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LGBT spouses fight for adjustment of status rights

LGBT spouses fight for adjustment of status rights

Imagine spending 40 years working through your Texas immigration case. Although four decades' worth of legal fights may seem overwhelming, that is what one gay couple has had to pursue in order to resolve their immigration concerns. The couple -- who met and fell in love in Los Angeles before getting married in Boulder, Colorado -- have been seeking legal status for one of the men since the 1970s. The undocumented immigrant, age 72, is still waiting on word about his pending green card application.

The couple's history is unique because they were one of only six couples permitted to marry in Colorado in the 70s. There was no law prohibiting same-sex marriage at that time, so the county clerk issued them a marriage license. Shortly thereafter, the practice was discontinued, but the men's marriage remained legal. However, the federal Defense of Marriage Act had prevented one of the men from receiving his green card. For heterosexual couples, a U.S. citizen or current green-card holder can serve as a sponsor to a spouse, so long as they remain together in the country.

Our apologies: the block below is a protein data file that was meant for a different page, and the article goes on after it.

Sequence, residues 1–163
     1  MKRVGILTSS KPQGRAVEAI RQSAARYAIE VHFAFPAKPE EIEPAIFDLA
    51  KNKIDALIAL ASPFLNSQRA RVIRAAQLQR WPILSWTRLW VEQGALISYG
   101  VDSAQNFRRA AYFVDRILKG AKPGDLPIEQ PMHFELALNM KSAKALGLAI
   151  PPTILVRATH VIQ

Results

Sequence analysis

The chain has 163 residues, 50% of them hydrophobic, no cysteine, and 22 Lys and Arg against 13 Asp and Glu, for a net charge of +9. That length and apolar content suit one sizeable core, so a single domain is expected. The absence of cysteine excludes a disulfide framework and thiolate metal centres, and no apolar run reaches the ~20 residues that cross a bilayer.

After DOMA was struck down, about 40,000 couples became eligible for green-card rights that were previously inaccessible. Although most LGBT couples are now able to go through the same process as their straight counterparts, some people are still being left behind. The man in this case remains undocumented because his spouse died six months before DOMA's demise.

Spouses of U.S. green-card holders -- no matter their sexuality -- should be entitled to legal immigration rights under federal law. It is unjust for this man to be continually rebuffed by federal officials simply because he is a widower. This man and others like him deserve the legal consideration that would be afforded to a straight spouse in the same situation.

Source: CNN, "Love wins in gay couple's 40-year immigration fight," June 28, 2014

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